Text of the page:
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Prime Vs Prime By Stick Rice & Perry Gartner

Red leads 6away/8away and is on roll.   What is the proper cube action?

Scroll down for the answer and commentary by Stick.




In the actual match, I doubled and my opponent dropped.  As you can see from the Extremegammon Eval below, it is a take.

Here are Stick's comments on this position which I think you will find very insightful relating to similar positions:


This is indeed a take.  There are many details I'd take in to account in this position.  First off, an adage I know to be true is in a prime v. prime position, it's a take.  Now, you have to know where to apply this blanket statement but in general, anything that looks like a somewhat common prime v. prime situation, if you get cubed, you should take.

In the actual position at hand there's more going on of course, but that would still resonate in my mind.  Next I'd look at the race, not because it is a race or that the race may even be important but if it's close or I'm ahead this always argue for a take if you need a tiebreaker.  As you'll note, the race is basically even.

Now on to more important things, like 'how do all of my opponent's upcoming rolls play?'  I go through them individually noting how many immediate bad rolls he has.  In this group I'd place the following [31 43].  I'd move on to the next subset of rolls that aren't his worst but are clearly not good rolls for him (he'd reroll if given the opportunity)  Here I have [61 33 44 64 11]  That's 11 rolls that I view as 'good for me'.  The rest of the rolls do vary in their goodness but when analyzing this position I'd lump them all together as bad for me.

If my opponent doesn't cover the back of his prime or is forced to hit loose I'm definitely in the game.  I can hit back immediately and having the strongest 4pt board I can have a lot of bite in my offensive position.  Even if he does hit loose and I simply come in not hitting I have play from there.  If he doesn't cover the back of the prime I can hop immediately or if unable to hop, perhaps attack his lone back checker buying myself time to escape again while our boards are of equal strength.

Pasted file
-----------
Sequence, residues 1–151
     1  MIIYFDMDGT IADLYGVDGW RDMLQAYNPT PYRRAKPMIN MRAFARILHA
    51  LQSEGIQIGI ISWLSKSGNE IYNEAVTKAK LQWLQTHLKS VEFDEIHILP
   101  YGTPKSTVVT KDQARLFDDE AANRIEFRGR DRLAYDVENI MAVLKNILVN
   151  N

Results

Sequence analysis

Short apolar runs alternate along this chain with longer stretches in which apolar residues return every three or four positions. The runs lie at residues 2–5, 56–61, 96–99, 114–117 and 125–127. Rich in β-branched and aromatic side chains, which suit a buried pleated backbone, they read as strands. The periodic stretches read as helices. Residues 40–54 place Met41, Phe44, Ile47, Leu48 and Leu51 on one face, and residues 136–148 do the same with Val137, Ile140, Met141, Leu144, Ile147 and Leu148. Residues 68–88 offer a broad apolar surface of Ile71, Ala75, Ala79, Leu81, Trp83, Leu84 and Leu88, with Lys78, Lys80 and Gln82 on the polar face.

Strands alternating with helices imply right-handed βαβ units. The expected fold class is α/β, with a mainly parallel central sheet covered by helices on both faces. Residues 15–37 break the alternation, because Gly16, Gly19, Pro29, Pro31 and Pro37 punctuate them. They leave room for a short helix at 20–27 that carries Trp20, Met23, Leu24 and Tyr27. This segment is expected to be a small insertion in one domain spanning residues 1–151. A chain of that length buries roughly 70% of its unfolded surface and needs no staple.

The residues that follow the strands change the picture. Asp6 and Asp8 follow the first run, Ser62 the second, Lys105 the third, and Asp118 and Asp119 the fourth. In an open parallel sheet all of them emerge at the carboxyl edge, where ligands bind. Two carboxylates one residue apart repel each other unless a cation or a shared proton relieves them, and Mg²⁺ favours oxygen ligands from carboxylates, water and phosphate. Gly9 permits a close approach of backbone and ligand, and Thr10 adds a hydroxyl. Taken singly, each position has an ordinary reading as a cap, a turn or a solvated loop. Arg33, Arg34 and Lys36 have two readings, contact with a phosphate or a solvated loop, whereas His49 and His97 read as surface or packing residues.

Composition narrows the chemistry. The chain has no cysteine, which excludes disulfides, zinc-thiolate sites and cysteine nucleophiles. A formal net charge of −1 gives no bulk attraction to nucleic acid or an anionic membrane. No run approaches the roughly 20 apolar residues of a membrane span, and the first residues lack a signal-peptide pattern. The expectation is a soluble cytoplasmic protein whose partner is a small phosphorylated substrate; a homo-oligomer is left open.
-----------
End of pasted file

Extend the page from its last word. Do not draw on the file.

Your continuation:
I've played this game out many times now, something I suggest you doing if you're interested.  Never did it arise that I needed to slot the bar as you asked from the outset.  You'll either be trying to hit back when hit loose, trying to hop the prime when it wasn't made, or safetying blots hoping that your opponent cracks against your 4 prime or if he hops you send the checker back.  Sometimes he'll cover with the blot from the midpoint (like with 41 or 32) and then you'll hope to roll an ace, get two of his checkers back, and wreck his timing from there.

Another thing of note at the score is that you will be reshipping quickly.  For instance, if he fails to make the prime, you hop out and are missed, this is a perfect opportunity to send it back even though the race will still be even.

Additional comments by Perry Gartner:

  I would extend Stick’s concise and cogent analysis to include what reasonable estimates made OTB  would look like in this position.

                                                                   Wins in 36 games:

Worst numbers- Not making the prime, not hitting, not switching-                                     1-3, 3-4                               = 1.5 games

Numbers not making the  prime,  but hitting or switching-                                            1-1, 1-6, 3-3, 4-4, 4-6, 6-6      = 3.0 games

Numbers hitting on Brown’s mid.-                                                                                 1-4, 1-5, 2-3, 2-4                 = 2.0 games

Numbers that make the 6 prime or hit the outfield blot- 16 remaining                                                                      = 4.0 games

                                                                                                                                                                Total Wins = 10.5 games

 

I would also add :

Notice that brown is one pip up in the race and on roll. An equally timed position would have Brown four down. Therefore Brown with an effective 5 pips lead causes his timing to be slightly worse than White’s. This consideration is compensation for Brown’s stronger prime  where neither side escapes early on, and then White escapes before Brown does. This variation is represented in the group of 16 numbers where I estimated White’s wins at 4.0 games.

Eval:

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